Dr. Alan Statham
Played by Mark Heap (previous credits include: Brass Eye, Jam, Big Train, Spaced)
Radiology consultant, in love with Joanna. Often the butt of others' jokes, particularly those of Boyce, who winds him up at every opportunity (which is pretty easy to do). He gives Joanna a locket filled with his own semen for her birthday. When it leaks, he offers to refill it.
Played by Michelle Gomez (previous credits include: The Book Group, The Bill, Taggart, Carrie and Barry)
Staff liaison officer. Unsurprisingly, she doesn't like helping others and so spends each episode giving each character who comes into her office a mindfuck and engages in random activities when there's nothing to do. Sue wants Mac badly, so much so that when she misses her chance to buy an evening with him at a charity slave auction, she lets loose a terrible primal scream.
Dr. Angela Hunter
Played by Sarah Alexander (previous credits include: Coupling, Smack the Pony, Drop the Dead Donkey, The Vagina Monologues)
Senior Registrar in paediatrics. Angela doesn't do that much on her own. Most of her scenes involve Caroline, whom she irritates by moving in, having loud sex with her boyfriend Liam, moving a harp into the house in the night and playing it loudly and impeccably.
Played by Oliver Chris (previous credits include: Casualty, Bridget Jones: The Edge of Reason, Sweet Medicine)
A junior house officer, one of Dr. Statham's students. More of a peripheral character, primarily serving as an antagonist to Dr. Statham. He's probably the one who steered an ominously humming RC miniature airship with "HOMO" written in pink lettering on its side into Statham's office, scaring him out.
Speedy synopsis of the first series
Having spent the night in the car, Dr Todd comes in for her first day of work as a surgical registrar sweating and unprepared. Introduced to the array of strange colleagues, she ends up at Guy's flat, where she blocks his toilet with a big shit.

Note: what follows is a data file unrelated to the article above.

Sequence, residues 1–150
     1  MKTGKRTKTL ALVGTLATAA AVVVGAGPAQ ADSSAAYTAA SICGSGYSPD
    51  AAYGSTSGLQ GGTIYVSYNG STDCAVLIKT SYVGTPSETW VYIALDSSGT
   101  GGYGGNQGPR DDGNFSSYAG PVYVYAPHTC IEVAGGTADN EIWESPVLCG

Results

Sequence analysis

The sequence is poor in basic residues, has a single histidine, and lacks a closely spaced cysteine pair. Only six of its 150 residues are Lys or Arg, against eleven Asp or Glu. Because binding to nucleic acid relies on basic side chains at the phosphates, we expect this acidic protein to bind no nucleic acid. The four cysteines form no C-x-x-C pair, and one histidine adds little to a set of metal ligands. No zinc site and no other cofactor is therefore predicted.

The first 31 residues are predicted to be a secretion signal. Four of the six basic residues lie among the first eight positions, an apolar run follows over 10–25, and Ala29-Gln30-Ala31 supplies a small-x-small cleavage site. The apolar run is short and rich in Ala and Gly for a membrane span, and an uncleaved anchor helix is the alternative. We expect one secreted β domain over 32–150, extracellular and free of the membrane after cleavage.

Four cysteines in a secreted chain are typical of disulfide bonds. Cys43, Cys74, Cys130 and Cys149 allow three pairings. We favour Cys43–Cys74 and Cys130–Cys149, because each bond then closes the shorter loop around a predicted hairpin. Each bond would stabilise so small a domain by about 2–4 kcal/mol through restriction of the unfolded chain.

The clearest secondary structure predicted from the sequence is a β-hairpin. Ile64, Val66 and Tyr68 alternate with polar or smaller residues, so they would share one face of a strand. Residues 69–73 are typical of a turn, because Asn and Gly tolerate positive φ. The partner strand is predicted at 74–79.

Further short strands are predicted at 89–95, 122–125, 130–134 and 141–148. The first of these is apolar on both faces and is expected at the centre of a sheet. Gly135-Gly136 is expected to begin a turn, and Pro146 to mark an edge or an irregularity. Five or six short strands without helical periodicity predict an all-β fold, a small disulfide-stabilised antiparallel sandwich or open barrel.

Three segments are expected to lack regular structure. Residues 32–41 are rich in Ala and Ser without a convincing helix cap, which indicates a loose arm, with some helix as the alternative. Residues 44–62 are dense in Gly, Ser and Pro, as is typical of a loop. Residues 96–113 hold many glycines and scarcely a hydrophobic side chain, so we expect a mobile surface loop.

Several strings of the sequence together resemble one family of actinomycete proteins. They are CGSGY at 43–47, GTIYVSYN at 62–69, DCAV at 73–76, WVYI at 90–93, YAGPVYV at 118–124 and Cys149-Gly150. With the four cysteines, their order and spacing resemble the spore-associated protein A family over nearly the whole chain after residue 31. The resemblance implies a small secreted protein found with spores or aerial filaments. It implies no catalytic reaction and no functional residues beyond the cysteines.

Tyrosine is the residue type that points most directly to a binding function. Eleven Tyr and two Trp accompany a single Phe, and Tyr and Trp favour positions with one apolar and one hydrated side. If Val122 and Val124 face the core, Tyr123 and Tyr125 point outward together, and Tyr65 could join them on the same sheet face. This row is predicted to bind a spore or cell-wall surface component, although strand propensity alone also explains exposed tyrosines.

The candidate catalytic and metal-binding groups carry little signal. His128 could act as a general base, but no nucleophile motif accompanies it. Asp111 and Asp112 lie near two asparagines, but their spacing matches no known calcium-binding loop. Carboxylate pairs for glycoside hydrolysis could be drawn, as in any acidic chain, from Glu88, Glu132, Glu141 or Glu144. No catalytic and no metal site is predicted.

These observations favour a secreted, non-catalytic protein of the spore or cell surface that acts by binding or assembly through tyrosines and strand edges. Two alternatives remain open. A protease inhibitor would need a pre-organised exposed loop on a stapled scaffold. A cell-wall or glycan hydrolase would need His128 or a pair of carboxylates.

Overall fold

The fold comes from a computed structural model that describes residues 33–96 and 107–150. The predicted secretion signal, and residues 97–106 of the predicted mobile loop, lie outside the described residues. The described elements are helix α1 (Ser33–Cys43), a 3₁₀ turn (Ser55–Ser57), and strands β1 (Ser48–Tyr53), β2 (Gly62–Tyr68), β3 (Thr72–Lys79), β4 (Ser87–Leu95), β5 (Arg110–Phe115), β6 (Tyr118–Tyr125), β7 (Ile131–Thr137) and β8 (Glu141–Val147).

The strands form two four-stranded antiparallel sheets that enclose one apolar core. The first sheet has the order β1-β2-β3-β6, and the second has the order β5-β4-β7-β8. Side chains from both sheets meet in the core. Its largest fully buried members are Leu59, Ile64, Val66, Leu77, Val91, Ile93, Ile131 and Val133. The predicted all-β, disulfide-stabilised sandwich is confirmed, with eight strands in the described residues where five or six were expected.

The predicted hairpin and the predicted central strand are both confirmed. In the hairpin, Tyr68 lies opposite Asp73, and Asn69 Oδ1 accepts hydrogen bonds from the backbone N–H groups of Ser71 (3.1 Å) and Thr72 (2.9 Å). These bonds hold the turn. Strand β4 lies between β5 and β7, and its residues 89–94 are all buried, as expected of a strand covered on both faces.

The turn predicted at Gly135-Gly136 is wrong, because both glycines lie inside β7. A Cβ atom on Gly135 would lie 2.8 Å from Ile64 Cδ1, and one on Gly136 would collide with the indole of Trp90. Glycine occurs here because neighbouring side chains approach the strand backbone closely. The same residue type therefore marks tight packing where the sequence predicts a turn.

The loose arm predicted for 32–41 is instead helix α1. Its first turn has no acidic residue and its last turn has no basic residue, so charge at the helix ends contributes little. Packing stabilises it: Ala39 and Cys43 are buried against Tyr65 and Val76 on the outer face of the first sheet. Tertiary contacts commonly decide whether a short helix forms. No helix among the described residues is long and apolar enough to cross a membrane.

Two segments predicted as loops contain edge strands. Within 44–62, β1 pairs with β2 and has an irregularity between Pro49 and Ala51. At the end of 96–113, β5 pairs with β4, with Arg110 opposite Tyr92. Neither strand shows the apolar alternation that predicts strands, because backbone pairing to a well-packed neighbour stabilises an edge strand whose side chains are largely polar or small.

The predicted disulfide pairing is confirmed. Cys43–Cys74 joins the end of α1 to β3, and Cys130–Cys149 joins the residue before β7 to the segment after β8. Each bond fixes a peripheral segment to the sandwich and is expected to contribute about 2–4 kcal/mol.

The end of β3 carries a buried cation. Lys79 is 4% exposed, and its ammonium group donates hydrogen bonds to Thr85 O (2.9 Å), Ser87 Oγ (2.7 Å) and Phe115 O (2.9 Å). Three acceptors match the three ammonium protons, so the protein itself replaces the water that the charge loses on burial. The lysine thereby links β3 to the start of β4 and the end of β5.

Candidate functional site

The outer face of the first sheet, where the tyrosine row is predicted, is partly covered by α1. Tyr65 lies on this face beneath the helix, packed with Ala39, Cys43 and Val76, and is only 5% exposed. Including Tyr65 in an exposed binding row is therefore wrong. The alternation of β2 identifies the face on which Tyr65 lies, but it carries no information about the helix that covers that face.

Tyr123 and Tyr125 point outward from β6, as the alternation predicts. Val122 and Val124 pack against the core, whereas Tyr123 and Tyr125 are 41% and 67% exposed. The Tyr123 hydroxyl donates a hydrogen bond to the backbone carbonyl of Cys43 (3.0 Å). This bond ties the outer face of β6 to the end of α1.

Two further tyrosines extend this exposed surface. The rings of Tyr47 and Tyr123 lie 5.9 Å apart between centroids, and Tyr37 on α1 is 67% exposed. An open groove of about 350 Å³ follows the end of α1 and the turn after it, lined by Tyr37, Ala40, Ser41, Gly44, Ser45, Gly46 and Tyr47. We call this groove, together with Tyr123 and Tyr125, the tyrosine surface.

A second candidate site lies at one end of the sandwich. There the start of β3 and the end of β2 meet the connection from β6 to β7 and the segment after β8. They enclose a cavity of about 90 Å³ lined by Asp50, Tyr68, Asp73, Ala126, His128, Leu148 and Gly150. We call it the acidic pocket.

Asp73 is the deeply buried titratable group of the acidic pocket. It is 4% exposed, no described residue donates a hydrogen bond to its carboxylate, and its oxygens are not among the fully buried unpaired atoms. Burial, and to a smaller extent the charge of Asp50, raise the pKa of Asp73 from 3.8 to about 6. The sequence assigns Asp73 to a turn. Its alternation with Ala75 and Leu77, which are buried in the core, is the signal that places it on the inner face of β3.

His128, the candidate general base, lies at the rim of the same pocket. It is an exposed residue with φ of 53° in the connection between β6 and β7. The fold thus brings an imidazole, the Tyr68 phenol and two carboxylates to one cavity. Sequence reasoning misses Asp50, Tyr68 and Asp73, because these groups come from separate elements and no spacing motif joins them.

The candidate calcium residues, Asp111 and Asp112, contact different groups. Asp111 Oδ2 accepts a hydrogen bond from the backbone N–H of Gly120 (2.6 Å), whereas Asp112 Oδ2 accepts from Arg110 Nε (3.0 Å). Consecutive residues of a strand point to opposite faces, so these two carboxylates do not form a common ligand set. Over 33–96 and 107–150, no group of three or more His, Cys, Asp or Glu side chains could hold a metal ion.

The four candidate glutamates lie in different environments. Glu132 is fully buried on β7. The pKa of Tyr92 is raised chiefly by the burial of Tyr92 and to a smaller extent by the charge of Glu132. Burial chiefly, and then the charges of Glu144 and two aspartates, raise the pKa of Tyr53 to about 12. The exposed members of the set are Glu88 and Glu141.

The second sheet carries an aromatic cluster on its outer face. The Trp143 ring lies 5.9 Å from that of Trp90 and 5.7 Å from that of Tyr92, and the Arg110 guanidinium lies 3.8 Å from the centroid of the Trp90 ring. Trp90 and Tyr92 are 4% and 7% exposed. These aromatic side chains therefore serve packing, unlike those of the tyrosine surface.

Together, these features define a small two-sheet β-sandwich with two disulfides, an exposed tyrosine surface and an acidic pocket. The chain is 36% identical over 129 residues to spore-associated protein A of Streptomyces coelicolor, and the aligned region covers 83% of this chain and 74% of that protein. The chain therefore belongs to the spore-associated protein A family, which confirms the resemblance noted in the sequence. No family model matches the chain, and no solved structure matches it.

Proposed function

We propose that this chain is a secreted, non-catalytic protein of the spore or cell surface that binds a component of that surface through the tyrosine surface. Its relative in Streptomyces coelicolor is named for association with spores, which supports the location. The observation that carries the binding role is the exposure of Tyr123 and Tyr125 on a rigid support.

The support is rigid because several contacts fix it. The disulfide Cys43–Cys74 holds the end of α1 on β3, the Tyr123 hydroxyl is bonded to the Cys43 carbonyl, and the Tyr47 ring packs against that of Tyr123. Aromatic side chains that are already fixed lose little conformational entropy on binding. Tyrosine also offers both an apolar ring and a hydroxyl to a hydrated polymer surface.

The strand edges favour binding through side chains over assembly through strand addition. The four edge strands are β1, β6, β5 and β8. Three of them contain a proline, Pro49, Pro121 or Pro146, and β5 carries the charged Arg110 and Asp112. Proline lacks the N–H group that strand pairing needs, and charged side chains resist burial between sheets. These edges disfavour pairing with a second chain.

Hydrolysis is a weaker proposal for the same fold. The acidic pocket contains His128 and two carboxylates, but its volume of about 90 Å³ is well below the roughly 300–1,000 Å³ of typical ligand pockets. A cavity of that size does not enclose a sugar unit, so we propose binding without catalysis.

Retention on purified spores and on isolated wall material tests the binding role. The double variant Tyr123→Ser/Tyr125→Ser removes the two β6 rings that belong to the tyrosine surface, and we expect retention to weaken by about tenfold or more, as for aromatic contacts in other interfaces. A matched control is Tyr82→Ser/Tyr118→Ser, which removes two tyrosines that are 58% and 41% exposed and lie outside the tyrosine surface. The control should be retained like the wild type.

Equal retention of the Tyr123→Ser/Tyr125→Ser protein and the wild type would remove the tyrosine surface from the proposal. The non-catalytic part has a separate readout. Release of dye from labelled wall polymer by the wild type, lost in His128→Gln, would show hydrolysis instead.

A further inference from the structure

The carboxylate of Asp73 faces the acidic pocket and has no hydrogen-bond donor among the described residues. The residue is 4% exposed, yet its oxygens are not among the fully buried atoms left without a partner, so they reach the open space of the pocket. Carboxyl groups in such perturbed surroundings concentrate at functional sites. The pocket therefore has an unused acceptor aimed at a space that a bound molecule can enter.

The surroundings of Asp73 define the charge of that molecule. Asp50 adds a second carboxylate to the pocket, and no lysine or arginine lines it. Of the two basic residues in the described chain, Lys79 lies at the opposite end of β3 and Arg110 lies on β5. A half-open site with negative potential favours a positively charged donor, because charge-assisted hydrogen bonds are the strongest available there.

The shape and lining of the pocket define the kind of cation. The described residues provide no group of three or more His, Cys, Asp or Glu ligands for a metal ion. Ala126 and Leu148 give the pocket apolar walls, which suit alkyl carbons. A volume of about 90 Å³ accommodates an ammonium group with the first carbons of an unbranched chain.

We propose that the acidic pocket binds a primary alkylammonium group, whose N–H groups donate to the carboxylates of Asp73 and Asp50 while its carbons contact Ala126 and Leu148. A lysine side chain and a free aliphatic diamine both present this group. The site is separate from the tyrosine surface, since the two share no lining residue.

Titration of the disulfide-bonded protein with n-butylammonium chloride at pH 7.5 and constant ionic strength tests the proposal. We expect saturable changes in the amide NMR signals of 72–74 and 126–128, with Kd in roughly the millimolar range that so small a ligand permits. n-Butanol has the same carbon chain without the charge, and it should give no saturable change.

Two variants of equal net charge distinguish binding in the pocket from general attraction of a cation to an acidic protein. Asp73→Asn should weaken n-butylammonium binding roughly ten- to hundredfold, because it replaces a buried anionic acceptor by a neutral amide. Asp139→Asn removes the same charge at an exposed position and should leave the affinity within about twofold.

The next morning, Guy has to take Todd in to work in his car. She spends the day attempting to defuse the consequent rumours that she slept with him while Guy perpetuates them. That is, until she blackmails him into signing a statement that the pair of them slept separately.
Three characters undergo testing at the same time; Martin takes his exams, and Joanna and office worker Harriet take urine tests to see if they're pregnant. A mix-up leads to Alan getting his hopes up for being a father, only to have them cruelly dashed when Joanna reveals that she isn't pregnant and then dumps him.
Guy blows his chance with Dr Todd by accidentally revealing his fundamentally callous nature. At the charity staff slave auction, Joanna buys a night out with computer consultant Lyndon and Boyce buys an evening with Alan, who twitches at the thought of having to eat in a restaurant with his constant tormentor. Alan and Boyce end up sleeping together, while Joanna is devastated when Lyndon reveals that he finds her repellent, desperate and generally undesirable.
Things escalate towards a climax as Mac drops a bombshell — he's moving away to Sheffield to take up a position as a consultant surgeon. Caroline tries to discourage him from doing so by attempting to dig up dirt on Sheffield and his new girlfriend. Martin attempts to get revenge after Guy pulls yet another prank on him by stealing one of Guy's letters. Reading it, he discovers a horrible secret.
Mac challenges Guy to a parting bet — he bets that Guy can't bed Joanna. Fortunately, Joanna is happy to shag Guy and they make their way to his flat, where Guy videotapes them having sex. Martin chases after them, arriving as the pair sit having a post-coital conversation. He brings the news that he and Guy are brothers and Joanna their mother.
Assisted by alcohol, Guy flips out and attacks Martin and Joanna with a syringe full of Botox. At work, Mac and Caroline hear about the incident and leave for Guy's flat in an ambulance. Once they arrive, Martin drags himself outside and into the ambulance, waiting to be dispatched for treatment. As Guy runs out and drives away in the vehicle, Mac sprints after him and leaps inside it through its open doors.
By the next morning, Guy has succeeded in driving Mac and Martin to somewhere in the Welsh countryside. In a fatalistic mood, he tosses Mac's mobile phone out of the driver's seat window and starts fighting him. Losing control of the ambulance, it skids through a field and comes to a halt on a creaky cliff. End episode.
1 http://media.guardian.co.uk/overnights/story/0,7965,1298307,00.html (needs free registration)
The Channel 4 show was watched by 2.2 million viewers and attracted an 11% audience share between 9.30pm and 10.35pm, according to unofficial overnights.